In our recent blog post, “The St. Louis Minimum Wage Returns From the Dead,” we reviewed the implications of the Supreme Court of Missouri’s Cooperative Home Care, Inc. v. City of St. Louis (No. SC95401) decision, which overturned a 2015 injunction that had enjoined St. Louis’s minimum wage ordinance. Late last Friday, the City of St. Louis issued a press release regarding the implementation of the ordinance increasing the city’s minimum wage rate. According to the press release, the City will wait to implement the ordinance until the circuit court officially lifts the injunction pursuant to the Supreme Court of Missouri’s mandate in Cooperative Home Care, Inc. This judicial act could come as early as March 15. Alternatively, the City speculates that it could take until the end of March for the judicial process to be completed.  

Notably absent from the latest press release is any reference to the “grace period” that Mayor Francis Slay had promised in an initial statement following the state supreme court’s ruling. Additionally, in its closing paragraph, the City states, “Once the minimum wage ordinance is officially affirmed by the Courts’ actions, a business that does not follow the City’s established ordinance will be prosecuted in Municipal Court.”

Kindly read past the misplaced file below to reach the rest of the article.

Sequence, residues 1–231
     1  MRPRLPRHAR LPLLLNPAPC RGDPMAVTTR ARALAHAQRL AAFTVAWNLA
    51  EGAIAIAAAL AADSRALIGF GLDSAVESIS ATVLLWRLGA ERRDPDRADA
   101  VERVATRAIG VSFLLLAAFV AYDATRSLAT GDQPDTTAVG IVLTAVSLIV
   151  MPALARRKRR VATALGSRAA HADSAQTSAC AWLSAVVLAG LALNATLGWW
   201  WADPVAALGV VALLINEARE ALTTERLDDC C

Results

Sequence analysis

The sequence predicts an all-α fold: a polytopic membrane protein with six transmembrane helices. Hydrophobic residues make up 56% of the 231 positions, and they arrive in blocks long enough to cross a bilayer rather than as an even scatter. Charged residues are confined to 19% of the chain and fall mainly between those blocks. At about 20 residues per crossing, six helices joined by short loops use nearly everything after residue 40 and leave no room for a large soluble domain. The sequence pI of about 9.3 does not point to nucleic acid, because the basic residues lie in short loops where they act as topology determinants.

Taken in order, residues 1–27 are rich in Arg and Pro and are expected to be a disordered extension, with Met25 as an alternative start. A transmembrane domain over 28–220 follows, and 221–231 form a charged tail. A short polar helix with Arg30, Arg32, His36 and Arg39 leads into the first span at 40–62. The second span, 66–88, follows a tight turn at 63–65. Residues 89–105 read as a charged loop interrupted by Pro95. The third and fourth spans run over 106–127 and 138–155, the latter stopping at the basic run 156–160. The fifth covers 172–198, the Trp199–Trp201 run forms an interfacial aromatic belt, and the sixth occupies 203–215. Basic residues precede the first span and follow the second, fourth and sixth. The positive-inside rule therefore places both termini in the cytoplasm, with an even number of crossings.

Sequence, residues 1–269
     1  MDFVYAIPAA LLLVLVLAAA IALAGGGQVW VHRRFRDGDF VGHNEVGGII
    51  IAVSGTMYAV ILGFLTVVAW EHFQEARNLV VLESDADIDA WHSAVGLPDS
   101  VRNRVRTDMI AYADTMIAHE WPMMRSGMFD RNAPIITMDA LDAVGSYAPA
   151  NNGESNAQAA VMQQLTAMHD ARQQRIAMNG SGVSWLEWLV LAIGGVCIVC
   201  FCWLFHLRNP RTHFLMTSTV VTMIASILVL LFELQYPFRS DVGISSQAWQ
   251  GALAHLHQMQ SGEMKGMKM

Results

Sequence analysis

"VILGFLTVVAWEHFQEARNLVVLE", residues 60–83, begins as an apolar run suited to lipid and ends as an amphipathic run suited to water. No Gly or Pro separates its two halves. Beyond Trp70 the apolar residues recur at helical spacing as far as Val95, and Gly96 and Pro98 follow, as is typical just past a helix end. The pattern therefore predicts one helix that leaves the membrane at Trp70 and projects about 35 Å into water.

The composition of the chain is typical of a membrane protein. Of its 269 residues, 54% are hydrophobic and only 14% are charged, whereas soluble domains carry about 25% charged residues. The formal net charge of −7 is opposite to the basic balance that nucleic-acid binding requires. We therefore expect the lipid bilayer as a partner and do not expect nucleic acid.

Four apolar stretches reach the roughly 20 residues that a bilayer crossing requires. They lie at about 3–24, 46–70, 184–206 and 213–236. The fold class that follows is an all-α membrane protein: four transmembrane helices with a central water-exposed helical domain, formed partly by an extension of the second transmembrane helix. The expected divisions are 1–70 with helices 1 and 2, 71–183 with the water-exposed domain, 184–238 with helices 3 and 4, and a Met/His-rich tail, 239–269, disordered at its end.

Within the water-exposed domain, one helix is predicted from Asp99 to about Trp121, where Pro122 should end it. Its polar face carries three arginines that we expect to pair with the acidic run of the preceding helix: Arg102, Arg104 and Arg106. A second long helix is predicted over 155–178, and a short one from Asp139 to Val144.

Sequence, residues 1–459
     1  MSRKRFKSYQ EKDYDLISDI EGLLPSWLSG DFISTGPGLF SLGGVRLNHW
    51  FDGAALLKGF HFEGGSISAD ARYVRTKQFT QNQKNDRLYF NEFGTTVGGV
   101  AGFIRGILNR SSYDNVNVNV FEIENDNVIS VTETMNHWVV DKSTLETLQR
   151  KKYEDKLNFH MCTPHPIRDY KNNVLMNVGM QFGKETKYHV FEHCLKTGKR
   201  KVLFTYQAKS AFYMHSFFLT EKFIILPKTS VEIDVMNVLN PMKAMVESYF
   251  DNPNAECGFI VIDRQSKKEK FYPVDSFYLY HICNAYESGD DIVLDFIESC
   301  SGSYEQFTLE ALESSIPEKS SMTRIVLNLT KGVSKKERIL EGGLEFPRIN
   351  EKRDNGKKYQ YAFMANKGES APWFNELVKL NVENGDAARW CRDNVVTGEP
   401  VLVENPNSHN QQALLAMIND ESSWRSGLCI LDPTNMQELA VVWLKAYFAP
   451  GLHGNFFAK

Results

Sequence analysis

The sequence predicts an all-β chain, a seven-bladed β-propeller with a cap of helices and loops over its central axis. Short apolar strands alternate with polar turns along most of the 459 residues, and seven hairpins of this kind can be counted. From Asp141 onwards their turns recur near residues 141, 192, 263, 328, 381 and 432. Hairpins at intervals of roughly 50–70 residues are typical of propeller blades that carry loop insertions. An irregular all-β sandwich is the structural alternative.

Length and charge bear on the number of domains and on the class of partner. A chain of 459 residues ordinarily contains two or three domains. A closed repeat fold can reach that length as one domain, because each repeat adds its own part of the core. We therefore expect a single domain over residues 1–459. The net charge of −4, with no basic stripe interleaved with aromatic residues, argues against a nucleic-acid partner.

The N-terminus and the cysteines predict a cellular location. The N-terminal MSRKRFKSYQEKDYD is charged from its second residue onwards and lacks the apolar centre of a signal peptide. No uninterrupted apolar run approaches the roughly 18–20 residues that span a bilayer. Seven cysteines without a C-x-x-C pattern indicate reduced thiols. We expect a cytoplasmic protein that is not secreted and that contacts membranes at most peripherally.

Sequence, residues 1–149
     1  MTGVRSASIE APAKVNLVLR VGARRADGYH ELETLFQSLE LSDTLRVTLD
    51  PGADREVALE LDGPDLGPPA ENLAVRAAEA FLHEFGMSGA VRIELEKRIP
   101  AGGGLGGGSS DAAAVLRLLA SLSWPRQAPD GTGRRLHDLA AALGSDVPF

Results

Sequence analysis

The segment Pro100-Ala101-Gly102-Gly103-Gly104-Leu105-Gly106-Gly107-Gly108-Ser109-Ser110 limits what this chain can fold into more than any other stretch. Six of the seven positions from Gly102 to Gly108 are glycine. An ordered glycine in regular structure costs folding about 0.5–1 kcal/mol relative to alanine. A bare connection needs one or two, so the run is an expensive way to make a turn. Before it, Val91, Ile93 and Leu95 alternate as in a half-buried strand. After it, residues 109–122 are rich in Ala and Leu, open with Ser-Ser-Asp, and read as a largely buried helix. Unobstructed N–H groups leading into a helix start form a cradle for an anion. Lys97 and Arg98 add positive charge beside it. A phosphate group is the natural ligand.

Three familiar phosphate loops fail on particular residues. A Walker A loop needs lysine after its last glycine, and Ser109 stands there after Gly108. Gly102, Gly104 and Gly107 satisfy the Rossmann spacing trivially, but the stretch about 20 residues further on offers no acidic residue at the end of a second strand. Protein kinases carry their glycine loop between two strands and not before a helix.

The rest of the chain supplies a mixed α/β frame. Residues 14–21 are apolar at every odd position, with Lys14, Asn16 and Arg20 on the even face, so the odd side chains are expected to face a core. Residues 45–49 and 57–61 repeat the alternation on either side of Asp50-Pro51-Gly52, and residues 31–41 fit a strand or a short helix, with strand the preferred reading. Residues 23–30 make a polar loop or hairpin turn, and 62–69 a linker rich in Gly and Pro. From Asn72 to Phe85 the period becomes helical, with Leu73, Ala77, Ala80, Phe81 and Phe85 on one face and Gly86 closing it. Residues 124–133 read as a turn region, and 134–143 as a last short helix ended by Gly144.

The City’s press release does little to clear up ambiguity for employers. Although employers may find some comfort in knowing that wages will not increase immediately, there is no indication as to what the implementation timeline will be once the injunction is lifted. Employers may be required to comply immediately or there may be an additional grace period after the wage increases become effective.

Adding to the intrigue are two bills—HB 1193 and HB 1194—in the Missouri House of Representatives, which would preempt and nullify all local laws establishing minimum wage rates higher than Missouri’s state minimum wage (currently $7.70 per hour). The bills passed committee on Monday, March 6, 2017—just days after their March 1 filing. Depending on how quickly these bills move through the Missouri General Assembly, St. Louis employers may be spared minimum wage increases altogether.

In the short term, covered St. Louis-area employers should prepare to comply with the ordinance in the coming weeks. While employers may be given an implementation grace period after the injunction is lifted, it is also entirely possible that compliance will be required immediately thereafter. We will continue to provide updates as additional information becomes available.


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Ogletree Deakins’ Wage and Hour Practice Group features attorneys who are experienced in advising and representing employers in a wide range of wage and hour issues, and who are located in Ogletree Deakins’ offices across the country.

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